* Why autism is different for girls.

* Chat Roulette: a documentary.

* Do MFA programs hurt poetry?

* Teach the controversy: “There is no unified flat Earth model,” Shenton suggests, “but the most commonly accepted one is that it’s more or less a disc, with a ring of something to hold in the water. The height and substance of that, no one is absolutely sure, but most people think it’s mountains with snow and ice.”

* In response to a new federal mandate to fix under-performing schools, every teacher will be fired at Central Falls High School in Rhode Island. Via MetaFilter, where the conversation is by turns fascinating and soul-crushing. I’m expecting another round of (justified) anti-Duncan, anti-Obama diatribes from my friends in public education in five… four… three…

* And an awesome post I missed from Tim a few weeks back: the top-ten most desirable rare video games.

BSG

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Somewhere in the gap between “appointment TV” and “well-developed narrative” lies this week’s Battlestar Galactica, which tied up so many loose ends at such a frenetic pace I hardly know where to begin. Couldn’t some of this have been spread out, you know, over the last few seasons? And couldn’t the exposition have been less of a ham-fisted contrivance?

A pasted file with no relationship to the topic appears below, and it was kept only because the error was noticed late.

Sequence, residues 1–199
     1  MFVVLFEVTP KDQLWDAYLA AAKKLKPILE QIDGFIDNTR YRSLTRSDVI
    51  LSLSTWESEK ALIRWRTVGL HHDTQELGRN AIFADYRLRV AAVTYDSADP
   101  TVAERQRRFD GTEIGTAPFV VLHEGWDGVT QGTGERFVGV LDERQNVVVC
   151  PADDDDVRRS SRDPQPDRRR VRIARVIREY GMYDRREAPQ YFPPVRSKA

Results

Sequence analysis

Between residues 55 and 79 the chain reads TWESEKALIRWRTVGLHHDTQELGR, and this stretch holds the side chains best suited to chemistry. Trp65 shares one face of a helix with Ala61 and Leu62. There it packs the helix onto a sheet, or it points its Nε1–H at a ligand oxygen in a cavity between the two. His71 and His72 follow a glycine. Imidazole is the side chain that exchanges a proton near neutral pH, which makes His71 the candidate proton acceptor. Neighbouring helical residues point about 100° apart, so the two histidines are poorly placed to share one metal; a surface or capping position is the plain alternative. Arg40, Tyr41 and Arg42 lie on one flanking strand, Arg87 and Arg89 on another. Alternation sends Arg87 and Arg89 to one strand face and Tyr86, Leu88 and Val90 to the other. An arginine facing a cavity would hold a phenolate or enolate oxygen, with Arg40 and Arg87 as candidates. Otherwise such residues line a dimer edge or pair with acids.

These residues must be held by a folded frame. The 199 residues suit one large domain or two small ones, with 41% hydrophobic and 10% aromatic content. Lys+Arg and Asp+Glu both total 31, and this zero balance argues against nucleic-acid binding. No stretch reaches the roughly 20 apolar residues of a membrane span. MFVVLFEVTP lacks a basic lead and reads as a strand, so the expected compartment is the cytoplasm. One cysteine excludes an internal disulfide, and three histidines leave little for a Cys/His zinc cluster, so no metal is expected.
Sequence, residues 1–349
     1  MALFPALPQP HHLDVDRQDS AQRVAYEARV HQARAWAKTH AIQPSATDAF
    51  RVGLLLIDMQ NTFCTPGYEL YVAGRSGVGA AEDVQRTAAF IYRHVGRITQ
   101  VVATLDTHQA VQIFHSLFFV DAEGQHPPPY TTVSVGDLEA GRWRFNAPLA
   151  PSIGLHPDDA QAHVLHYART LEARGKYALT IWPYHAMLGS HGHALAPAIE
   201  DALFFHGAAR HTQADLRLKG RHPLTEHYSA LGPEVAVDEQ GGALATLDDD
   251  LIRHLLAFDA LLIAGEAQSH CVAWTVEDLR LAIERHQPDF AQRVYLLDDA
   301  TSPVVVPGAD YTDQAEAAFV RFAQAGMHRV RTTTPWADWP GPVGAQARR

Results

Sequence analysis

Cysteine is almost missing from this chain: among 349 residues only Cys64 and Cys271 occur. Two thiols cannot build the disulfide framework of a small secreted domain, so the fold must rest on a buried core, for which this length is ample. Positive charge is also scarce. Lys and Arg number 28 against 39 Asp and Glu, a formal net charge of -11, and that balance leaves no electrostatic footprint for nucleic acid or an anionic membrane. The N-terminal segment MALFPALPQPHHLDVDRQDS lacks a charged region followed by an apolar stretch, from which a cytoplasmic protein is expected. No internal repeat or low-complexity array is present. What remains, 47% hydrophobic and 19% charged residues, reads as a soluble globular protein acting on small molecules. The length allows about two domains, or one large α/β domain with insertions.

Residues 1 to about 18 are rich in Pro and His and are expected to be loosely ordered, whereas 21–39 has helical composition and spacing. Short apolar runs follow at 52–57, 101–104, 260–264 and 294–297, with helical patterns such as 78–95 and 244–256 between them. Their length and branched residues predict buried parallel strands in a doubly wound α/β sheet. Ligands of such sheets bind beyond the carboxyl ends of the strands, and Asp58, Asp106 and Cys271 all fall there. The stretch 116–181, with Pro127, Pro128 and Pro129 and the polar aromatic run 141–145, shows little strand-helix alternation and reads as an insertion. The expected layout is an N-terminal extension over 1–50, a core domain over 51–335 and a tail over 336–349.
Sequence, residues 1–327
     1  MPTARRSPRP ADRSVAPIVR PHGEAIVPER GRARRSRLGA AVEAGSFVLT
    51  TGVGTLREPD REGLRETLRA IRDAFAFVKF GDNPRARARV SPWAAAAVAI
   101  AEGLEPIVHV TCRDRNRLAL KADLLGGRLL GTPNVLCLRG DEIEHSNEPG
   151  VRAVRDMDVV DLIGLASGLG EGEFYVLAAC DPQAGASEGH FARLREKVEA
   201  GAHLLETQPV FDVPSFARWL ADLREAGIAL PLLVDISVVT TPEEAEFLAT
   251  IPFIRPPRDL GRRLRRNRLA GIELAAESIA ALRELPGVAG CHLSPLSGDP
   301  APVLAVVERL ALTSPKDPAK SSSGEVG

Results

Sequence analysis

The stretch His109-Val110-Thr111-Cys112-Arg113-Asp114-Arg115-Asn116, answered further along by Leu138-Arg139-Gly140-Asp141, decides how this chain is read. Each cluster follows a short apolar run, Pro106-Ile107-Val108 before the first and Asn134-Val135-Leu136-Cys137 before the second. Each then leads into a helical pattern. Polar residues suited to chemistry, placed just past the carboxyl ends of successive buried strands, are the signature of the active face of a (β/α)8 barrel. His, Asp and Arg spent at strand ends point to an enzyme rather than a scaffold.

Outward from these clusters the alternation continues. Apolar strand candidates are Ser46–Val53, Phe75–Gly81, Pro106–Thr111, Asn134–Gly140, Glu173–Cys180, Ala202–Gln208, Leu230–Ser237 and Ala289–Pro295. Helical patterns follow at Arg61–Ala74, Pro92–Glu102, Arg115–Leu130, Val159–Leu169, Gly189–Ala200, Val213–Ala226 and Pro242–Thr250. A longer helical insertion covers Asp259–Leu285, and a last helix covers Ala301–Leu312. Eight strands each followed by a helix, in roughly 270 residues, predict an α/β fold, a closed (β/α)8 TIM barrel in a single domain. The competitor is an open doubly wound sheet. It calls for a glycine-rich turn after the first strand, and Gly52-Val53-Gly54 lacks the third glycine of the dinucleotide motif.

[coconut falls on head] I remember everything!

Don’t even get me started on the inevitable introduction of [SPOILER] another final Cylon mystery [/SPOILER]. Why, Gods, why?

Overall, it’s (the start) of a decent series mythology, wrapped inside an absolutely ludicrous sense of plot. Even a pro like Dean Stockwell could barely sell it. John Hodgman, however, owned the screen…

Written by gerrycanavan

February 14, 2009 at 3:58 am

Equal Sign

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This epic Fark thread is my new favorite thing on the Internet.

Written by gerrycanavan

October 13, 2008 at 1:54 am

Wednesday Potpourri

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Wednesday potpourri.

* A brief history of masturbation.

* John Rawls (yes, him) on why baseball is the best of all games. More via MeFi.

* Jason Sanford isn’t worried about the singularity

* But I’m worried about climate change again. As we all know, climate change ended last month, which was unusually cold. But it seems to have kickstarted up again in a big way: the world is now warming at 0.14°C/month, or 3°F/year—30°F/decade! We can only hope March is slightly cold again, bringing that rate back down to survivable levels.

* I’m also worried about Mary Ann. She’ll never make it on the inside. She’s too good.

Written by gerrycanavan

March 12, 2008 at 1:39 pm

The Art of Isabel Samaras

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Via RaShOmoN, here’s some amusing pop art from Isabel Samaras, fusing a Renaissance style with imagery from television, pop culture, and film. The stuff on the so-called classic site has the most fun with this, though if you’re in a workspace be warned that some of the pictures are nudes. Many are good, but this clearly takes the cake:

Written by gerrycanavan

February 21, 2008 at 1:56 am